What happens to our brain when we read? Does it all depend on the left side? Maybe not

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Elia Tabuenca García
@eliatabuencagarcía

According to a recent research, our reading skills and skills related to phonological processing do not seem to be connected exclusively to the left hemisphere of the brain.

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Our ability to look at abstract symbols and map them to sounds is one of the key skills in becoming a competent reader.





In academia, this process is known as phonological processing and this ability can vary from person to person, with conditions such as dyslexia which make it more difficult for some people.

In a new study, a team of researchers tested two seemingly opposing hypotheses about how brain structures relate to reading ability.

The human brain is naturally asymmetrical, and some of the structures on the left side are thought to be involved in language processing; according to the hypothesis called 'cerebral lateralization', the greater the asymmetry, the better the reading ability.

On the other hand, it could also be that the presence of left brain asymmetries simply reinforces the traits needed to read, what the team calls the 'channeling hypothesis'.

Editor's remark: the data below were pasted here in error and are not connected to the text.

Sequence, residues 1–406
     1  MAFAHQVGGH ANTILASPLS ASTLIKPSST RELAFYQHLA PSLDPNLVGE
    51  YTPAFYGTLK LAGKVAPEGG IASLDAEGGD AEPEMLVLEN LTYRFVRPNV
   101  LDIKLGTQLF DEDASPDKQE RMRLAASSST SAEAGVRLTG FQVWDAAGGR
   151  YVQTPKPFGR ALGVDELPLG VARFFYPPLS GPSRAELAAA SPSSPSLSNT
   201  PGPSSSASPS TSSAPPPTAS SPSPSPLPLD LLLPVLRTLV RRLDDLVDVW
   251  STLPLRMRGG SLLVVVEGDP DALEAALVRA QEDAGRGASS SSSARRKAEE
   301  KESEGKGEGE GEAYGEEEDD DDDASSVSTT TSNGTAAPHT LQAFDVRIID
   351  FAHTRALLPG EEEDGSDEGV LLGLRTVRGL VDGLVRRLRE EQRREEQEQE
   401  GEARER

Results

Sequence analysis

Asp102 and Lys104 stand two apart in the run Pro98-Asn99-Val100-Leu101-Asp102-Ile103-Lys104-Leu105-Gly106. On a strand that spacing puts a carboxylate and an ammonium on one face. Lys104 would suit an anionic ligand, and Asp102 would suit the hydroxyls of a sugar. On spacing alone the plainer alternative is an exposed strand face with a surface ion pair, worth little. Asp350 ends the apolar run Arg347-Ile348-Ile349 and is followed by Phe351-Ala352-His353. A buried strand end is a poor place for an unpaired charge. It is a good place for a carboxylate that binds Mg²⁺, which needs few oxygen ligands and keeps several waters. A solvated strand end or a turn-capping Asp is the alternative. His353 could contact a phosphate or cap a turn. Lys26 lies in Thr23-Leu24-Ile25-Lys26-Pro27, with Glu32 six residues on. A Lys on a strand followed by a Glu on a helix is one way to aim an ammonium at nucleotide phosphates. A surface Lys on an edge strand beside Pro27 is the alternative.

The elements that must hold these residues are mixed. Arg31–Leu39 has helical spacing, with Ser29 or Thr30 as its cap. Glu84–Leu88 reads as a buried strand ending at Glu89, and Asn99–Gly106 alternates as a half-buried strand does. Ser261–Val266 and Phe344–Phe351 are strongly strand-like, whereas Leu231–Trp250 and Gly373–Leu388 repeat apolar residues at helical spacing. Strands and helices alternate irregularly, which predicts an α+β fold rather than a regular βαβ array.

(Read also: So reading the books 30 minutes every day changes your brain, the confirmation of neuroscience)

A systematic review

Researchers at the Medical University of South Carolina used magnetic resonance imaging (MRI) data from previous research to identify asymmetrical structural differences in the brains of more than 700 children and adults.

Although similar to functional magnetic resonance imaging (fMRI), which measures themetabolic activity, MRI scans draw a map of the brain revealing anatomical structures.

Participants were also asked to perform reading skills tests, including those that required them to spell out pseudowords: that is, invented words that involve a high degree of processing because our brain is not affected by them, this is called phonological decoding.

Once the researchers determined the levels of brain asymmetry, they found that when the brain region of the left hemisphere was considered, greater asymmetry was associated with better performance in reading activity.



Each lobe of the brain is specialized in its capacity; the left side is generally associated with language-related processes, but previous research has shown activities in the right hemisphere related to language-based tasks.

Lead author of the new research, Mark Eckert of the Medical University of South Carolina stated that:

The new findings indicate that structural brain asymmetries are related to the normal development of a speech sound processing ability, which is important in establishing competent reading.

Strangely, though, performance in pseudoword reading was unrelated to asymmetries in the left hemisphere, which is known to be linked to specific language functions.

Hence, that leaves an open question as to how exactly these structural brain asymmetries, on a larger scale, affect people's reading skills.

Probably, a greater degree of asymmetry within the left hemisphere can allow for more efficient phonological processing, but our reading ability is not only related to this hemisphere.

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Photos: PLOS Biology

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